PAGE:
Can Celiac Disease Cause Skipped Periods?

Undiagnosed celiac disease definitely can cause you to skip one or more periods. This is a condition known to healthcare providers as amenorrhea, where you're not pregnant and there's no reason (such as menopause) that you shouldn't be having your period.

Women's gynecologic history form
Murat Sarica / Getty Images

Technically, you have amenorrhea if you've missed three periods or more in a row (and you're not pregnant or in menopause, of course). Medical studies have shown that women with celiac disease are much more prone to this problem than women without the condition.

How Often Do Celiac Women Skip Periods?

Women who have celiac disease tend to skip periods quite frequently. In one large study, nearly 20% of celiac women reported having amenorrhea (skipping three periods or more in a row) at some point, compared to only 2.2% of women without celiac disease.

Another study found even higher percentages for both groups (although the celiac women remained well above the non-celiac women): nearly 39% of celiac women qualified for an amenorrhea diagnosis at some point, compared to about 9% of the non-celiac group.

Getting a proper diagnosis and starting the gluten-free diet appears to solve the problem in many (although not all) cases.

Celiac disease can cause other problems with menstruation along with skipped periods. Studies have found that women with celiac disease report other period issues, including infrequent, light periods (which sounds great but could indicate a problem that makes infertility more likely), normally timed but extremely light periods (same issue), strange spotting between periods or instead of periods, and extremely heavy or painful periods.

Late First Period Also Could Mean Celiac

Celiac disease also can cause young women to get their first period later than normal, a condition known as delayed menarche. In technical medical terms, delayed menarche sometimes is referred to as "primary amenorrhea." (Yes, these medical terms can be a bit much to take in.)

At least one case report in the medical literature cites this issue. In that case, a 20-year-old woman didn't go through puberty until she had been diagnosed with celiac disease and begun to follow a gluten-free diet. Six months after she went gluten-free, she got her first period.

Some healthcare providers recommend testing women with amenorrhea for celiac disease, especially if they have other celiac disease symptoms.

Fortunately, once women are diagnosed with celiac disease and adopt the gluten-free diet, most resume menstruating normally.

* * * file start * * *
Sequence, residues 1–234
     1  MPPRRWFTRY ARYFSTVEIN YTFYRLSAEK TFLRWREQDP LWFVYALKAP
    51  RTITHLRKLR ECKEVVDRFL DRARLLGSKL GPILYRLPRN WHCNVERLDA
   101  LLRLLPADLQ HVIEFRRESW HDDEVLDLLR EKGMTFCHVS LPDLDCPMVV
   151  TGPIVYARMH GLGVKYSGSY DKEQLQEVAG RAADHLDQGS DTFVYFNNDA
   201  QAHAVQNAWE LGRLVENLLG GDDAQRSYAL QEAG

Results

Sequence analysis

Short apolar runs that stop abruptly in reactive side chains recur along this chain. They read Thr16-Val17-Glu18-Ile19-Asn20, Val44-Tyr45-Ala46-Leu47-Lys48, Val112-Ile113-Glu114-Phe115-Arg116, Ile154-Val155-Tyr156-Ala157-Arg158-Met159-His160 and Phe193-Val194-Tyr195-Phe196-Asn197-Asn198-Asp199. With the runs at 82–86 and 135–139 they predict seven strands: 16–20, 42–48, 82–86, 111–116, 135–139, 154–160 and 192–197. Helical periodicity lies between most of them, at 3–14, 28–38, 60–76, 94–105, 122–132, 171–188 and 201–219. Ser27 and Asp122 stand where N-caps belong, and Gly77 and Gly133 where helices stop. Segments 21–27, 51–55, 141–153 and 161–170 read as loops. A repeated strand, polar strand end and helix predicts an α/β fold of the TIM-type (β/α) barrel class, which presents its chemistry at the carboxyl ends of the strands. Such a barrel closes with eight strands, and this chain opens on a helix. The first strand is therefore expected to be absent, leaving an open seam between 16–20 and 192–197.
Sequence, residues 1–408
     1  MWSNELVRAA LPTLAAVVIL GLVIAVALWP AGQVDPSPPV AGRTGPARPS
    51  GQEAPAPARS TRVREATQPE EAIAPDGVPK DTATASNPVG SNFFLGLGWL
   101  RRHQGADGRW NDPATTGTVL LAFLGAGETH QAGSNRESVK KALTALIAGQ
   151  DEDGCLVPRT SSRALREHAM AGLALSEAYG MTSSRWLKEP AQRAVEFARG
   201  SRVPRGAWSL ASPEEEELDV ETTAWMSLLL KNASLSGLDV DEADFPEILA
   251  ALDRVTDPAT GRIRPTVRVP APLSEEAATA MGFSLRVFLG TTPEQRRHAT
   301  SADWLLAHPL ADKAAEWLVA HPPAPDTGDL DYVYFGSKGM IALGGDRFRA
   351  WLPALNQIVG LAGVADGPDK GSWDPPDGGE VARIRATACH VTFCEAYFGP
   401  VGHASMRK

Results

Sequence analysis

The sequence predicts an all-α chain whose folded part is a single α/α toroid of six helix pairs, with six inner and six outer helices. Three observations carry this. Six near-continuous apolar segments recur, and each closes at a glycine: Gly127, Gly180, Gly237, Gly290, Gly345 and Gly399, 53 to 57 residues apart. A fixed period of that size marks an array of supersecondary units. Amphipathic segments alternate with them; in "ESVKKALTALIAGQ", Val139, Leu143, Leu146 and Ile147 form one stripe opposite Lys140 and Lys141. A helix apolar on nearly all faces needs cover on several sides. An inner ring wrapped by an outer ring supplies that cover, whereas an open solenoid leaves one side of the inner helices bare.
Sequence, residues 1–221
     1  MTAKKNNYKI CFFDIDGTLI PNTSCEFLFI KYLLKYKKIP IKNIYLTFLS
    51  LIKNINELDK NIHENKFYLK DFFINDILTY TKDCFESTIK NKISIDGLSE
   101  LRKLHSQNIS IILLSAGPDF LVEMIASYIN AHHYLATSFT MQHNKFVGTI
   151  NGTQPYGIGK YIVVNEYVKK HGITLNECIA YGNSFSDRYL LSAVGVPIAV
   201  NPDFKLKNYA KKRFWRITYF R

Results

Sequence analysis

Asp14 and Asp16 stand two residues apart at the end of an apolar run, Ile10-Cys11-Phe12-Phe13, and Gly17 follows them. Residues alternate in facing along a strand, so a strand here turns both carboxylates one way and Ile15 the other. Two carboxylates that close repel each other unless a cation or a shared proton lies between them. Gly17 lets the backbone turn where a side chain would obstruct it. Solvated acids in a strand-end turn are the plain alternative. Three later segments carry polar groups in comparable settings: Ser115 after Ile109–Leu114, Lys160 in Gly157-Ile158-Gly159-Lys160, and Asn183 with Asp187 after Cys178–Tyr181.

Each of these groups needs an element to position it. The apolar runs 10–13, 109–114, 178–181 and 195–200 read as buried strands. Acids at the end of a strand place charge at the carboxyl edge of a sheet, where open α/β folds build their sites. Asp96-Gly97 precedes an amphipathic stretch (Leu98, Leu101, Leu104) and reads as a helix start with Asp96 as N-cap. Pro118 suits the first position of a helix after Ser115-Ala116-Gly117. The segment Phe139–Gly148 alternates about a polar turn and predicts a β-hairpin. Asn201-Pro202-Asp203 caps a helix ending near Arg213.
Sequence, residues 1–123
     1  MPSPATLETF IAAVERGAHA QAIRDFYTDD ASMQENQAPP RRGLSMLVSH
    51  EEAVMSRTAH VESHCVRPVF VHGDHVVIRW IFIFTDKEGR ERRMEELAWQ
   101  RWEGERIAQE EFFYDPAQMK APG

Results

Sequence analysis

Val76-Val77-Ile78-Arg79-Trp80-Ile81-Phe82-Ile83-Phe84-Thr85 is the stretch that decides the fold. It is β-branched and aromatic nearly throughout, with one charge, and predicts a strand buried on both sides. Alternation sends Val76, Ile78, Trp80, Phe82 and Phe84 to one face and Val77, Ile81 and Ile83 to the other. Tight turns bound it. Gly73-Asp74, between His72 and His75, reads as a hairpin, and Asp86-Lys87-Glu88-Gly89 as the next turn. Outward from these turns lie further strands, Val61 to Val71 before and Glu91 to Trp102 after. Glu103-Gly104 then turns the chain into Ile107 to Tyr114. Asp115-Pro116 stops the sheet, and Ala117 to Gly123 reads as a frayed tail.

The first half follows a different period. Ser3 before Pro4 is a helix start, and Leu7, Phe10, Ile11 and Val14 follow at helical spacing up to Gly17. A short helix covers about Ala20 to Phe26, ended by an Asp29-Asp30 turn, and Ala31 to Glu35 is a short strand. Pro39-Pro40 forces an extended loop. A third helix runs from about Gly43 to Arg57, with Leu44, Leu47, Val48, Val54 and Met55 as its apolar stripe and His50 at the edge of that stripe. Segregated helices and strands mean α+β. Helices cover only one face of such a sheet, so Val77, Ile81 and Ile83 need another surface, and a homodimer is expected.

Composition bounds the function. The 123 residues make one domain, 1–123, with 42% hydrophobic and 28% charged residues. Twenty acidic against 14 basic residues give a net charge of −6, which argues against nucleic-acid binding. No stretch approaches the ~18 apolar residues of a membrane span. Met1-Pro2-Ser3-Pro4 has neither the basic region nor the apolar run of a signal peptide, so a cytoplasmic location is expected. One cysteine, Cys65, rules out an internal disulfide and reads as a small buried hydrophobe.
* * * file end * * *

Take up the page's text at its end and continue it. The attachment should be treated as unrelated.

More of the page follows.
Getting a Proper Evaluation for Skipped Periods

There are many reasons for women to skip periods. The most common, of course, is pregnancy. Breastfeeding your baby also can make your period stop.

Possible lifestyle-related reasons for skipped periods include:

  • exercising too much
  • eating poorly, and
  • stress

There are various medical reasons for skipped periods as well. They include:

As you can see, celiac disease is only one of many potential reasons for skipped periods.

A Word From Verywell

In many women who ultimately are diagnosed with celiac disease, menstrual problems such as skipped periods or a delayed first period are one of the first signs they notice. These menstrual problems seem to appear well before any digestive symptoms are apparent.

Therefore, if you're a woman with a family history of celiac disease and you notice menstrual irregularities, you might want to talk with your healthcare provider about getting tested for celiac disease.

If you don't have a family history of celiac disease but are experiencing missed periods plus other symptoms, such as diarrhea, bloating, fatigue, and abdominal pain, you also should discuss your symptoms with your healthcare provider.

Regardless of whether your problem turns out to be celiac disease or something else, such as another medical condition or even simple stress, you should consider seeking a full medical evaluation to find out why you're missing periods, and to determine if you need any treatment.

Verywell Health uses only high-quality sources, including peer-reviewed studies, to support the facts within our articles. Read our editorial process to learn more about how we fact-check and keep our content accurate, reliable, and trustworthy.

By Jane Anderson
Jane Anderson is a medical journalist and an expert in celiac disease, gluten sensitivity, and the gluten-free diet.